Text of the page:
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Often many issues are addressed when negotiating a marital breakup. Lawyers, financial advisors and mediators assist individuals and couples through divorce decisions and often observe how spousal behavior disrupts what would otherwise be an amicable separation and/or divorce. Anger, greed, sloth, pride, lust, envy and gluttony - can all interfere with divorce negotiations and reaching a final divorce settlement.
Successful Negotiations Produce Successful Divorces.
Successful negotiations require a good faith effort on the part of both individuals. Poorly negotiated divorces cost more -- emotionally, mentally, psychologically, financially and temporally. Bitter divorce negotiations can poison a process that might otherwise end civilly. Poorly negotiated divorces are the reason why lawyers joke that a divorce client is a client forever: the unresolved post divorce legal problems mean that the former spouses will be battling each other as far as the eye can see.
Ideally both spouses should be at the same emotional place when negotiating the end of the marriage, particularly the division of assets and liabilities, custody and visitation and alimony -- items that can easily become heated. When both spouses accept that the marriage is over they have the potential to save money in legal fees it is time to move forward and get things done. Spouses who negotiate the end of their marriage without anger move on in better emotional and economic shape after the divorce is finalized.
The Common Downfalls of Divorce Negotiations
Greed makes reasonable financial negotiation impossible because the give and take of bargaining, soon becomes a zero-sum game. So often angry spouses mask their greed with notions of entitlement as well as irrational expectations that lead to higher court costs and legal bills.
Lust for power or control is often a negotiation killer. Spouses who need to control will manipulate the negotiation process with stall tactics and unrealistic expectations or wants.
Pride causes impasse with negotiations in divorce. Pride sometimes causes people to take untenable positions in their negotiations.
Sometimes divorcing spouses turn to gluttony -- the over-indulgence to the point of extravagance or waste to harm the other spouse with irresponsible spending and social behaviors.
Fear undermines good negotiation: fear of rejection; loss of position, property, and community standing; fears of loneliness and starting anew, of economic impoverishment, of the future that looks dark.
The seven deadly sins became feedbacks that reinforced bad outcomes, but couples can easily sidestep this.
Negotiating the Uncontested Divorce
Spouses striving for an uncontested divorce -- one where the parties agree on everything -- should begin by trying to negotiate their own divorce.
When a divorcing couple is on speaking terms, they can communicate with one another and reach agreement about the terms and conditions of the settlement. This is almost always an ideal situation. Personal negotiation between the spouses is the least expensive way of reaching an agreement because the involvement of lawyers is minimal, if at all. Personal negotiation may be joined with negotiation through a lawyer, which happens when the couple stalls and they turn the action over to respective lawyers, who in turn negotiate with each other in a back-and-forth manner aimed at a settlement.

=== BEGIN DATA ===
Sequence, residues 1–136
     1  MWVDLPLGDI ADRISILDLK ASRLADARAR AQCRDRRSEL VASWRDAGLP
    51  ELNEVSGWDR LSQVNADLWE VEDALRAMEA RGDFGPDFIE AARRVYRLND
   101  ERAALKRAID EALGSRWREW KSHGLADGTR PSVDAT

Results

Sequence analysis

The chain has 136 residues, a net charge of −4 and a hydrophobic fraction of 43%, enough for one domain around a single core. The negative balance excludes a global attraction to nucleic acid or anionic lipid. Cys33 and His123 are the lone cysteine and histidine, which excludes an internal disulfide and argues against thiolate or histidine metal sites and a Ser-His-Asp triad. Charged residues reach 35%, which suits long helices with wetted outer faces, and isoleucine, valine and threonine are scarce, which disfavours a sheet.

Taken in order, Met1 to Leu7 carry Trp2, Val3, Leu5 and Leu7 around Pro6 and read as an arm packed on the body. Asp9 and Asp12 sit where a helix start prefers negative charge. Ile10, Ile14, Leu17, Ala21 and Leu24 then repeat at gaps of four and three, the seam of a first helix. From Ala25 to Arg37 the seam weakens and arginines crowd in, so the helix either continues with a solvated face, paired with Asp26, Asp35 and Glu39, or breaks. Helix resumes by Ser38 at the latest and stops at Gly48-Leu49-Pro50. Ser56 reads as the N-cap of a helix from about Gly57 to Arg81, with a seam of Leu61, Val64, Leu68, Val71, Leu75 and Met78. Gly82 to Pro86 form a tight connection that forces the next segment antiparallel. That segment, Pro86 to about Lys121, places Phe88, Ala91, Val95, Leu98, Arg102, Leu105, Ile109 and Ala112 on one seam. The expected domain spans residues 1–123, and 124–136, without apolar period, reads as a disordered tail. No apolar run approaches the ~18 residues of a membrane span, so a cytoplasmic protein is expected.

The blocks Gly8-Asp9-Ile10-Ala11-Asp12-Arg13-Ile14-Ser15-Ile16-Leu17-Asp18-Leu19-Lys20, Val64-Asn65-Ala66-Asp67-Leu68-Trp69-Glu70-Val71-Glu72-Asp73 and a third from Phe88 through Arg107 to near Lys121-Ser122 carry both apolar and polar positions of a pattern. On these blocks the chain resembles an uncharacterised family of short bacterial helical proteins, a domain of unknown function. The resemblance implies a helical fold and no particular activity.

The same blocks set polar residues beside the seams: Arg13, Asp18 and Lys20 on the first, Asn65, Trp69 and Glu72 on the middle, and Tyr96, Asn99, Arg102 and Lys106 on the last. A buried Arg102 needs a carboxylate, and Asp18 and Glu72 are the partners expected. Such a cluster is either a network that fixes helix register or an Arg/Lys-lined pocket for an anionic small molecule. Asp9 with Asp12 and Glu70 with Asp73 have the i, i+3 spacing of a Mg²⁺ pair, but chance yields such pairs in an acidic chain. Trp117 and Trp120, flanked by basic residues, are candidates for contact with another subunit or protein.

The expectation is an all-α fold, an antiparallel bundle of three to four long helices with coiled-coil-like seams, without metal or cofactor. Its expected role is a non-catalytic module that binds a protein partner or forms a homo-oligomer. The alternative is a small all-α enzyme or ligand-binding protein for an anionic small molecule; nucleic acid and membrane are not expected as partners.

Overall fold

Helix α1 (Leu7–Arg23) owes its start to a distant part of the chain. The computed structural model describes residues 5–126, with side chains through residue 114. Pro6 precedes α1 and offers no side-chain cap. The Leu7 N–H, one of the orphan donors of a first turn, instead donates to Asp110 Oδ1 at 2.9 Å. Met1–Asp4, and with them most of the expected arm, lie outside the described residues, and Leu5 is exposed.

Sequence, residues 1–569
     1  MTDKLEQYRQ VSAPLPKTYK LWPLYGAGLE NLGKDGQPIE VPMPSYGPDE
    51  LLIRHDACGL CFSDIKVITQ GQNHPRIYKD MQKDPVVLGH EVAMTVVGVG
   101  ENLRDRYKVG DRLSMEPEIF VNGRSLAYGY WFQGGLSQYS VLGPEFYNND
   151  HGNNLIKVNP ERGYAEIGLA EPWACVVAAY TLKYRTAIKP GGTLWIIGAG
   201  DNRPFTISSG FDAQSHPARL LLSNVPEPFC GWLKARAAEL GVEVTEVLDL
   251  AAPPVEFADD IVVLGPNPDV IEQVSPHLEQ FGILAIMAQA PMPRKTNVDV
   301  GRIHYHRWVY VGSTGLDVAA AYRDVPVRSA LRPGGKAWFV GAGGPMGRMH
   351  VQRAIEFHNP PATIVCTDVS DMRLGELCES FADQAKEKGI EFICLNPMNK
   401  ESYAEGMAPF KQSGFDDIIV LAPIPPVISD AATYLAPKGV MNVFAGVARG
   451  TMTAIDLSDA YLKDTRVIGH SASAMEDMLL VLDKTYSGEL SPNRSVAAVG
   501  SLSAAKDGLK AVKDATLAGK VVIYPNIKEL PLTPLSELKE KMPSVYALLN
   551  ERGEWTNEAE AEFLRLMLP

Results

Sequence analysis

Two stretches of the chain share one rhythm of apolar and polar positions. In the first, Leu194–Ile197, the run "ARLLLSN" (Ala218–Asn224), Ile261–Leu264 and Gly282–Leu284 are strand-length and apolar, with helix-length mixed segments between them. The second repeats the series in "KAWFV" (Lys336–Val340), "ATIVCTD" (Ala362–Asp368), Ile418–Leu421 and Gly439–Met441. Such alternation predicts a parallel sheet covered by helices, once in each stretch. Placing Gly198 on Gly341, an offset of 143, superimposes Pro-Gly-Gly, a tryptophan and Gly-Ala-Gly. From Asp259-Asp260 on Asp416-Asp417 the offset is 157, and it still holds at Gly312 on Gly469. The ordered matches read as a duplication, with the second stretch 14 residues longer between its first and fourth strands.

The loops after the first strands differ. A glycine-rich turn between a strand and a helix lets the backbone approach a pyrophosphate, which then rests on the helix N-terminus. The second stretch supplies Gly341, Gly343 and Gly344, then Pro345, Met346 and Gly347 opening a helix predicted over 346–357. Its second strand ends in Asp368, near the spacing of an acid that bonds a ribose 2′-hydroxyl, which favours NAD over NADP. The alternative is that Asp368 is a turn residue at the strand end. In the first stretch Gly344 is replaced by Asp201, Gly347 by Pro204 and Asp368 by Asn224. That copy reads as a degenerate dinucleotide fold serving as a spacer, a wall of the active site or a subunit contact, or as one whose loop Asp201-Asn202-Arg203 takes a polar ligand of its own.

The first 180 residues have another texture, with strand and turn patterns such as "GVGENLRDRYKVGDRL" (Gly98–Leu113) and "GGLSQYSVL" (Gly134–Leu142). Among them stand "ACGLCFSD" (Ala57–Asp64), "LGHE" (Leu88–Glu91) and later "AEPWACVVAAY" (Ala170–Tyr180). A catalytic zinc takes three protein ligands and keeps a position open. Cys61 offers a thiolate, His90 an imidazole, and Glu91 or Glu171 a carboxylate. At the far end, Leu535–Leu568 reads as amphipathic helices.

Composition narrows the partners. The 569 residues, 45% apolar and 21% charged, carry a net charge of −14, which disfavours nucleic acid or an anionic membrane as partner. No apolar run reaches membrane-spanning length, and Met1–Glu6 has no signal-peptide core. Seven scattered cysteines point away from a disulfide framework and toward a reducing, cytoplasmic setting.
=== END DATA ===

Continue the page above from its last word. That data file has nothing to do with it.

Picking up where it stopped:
Personal negotiation between the spouses is a process that may produce feelings of vulnerability and uncertainty as well as a struggle to maintain control. Financial issues come to light when one spouse wants to keep his or her money hidden from the other spouse. Negotiation between the couple demands that both parties understand that anything and everything is negotiable. Bargaining demands that each spouse decides the least and the most that he or she will give or give up, and the bottom line of agreement.
One obvious advantage of direct negotiation is cost. The more the spouses do for themselves, the less there is for the lawyers to do. Sometimes divorcing spouses who are reluctant to negotiate with an alienated partner forget that they will negotiate the little things anyway, even when a lawyer negotiates all the major issues -- the terms and conditions of the division of assets and liabilities, for example.
Divorcing couples tend to forget liabilities. The ownership of credit card debt and the mortgage on the house must also be negotiated.
When couples hit a roadblock, the lawyers provide guidance about how a similar situation has been previously handled in the courts to help steer them down a path to reality.
The bargaining table is only used to resolve undecided issues. When couples agree on an issue, that topic is closed. Agreements rarely come together when parties rehash what they supposedly settled and in fact, they're more likely to fall apart. Raising new issues late in the game cast doubt on the good faith of what was previously settled. If at any time a spouse is not sure of what his or her rights are according to the law, perhaps it is best to consult a lawyer. Spouses of a high-stake divorce, one with a large marital estate should almost always seek the advice of a lawyer because the financial ramifications of an unbalanced settlement can be financially and emotionally devastating.
Try our Online Divorce Negotiation Center.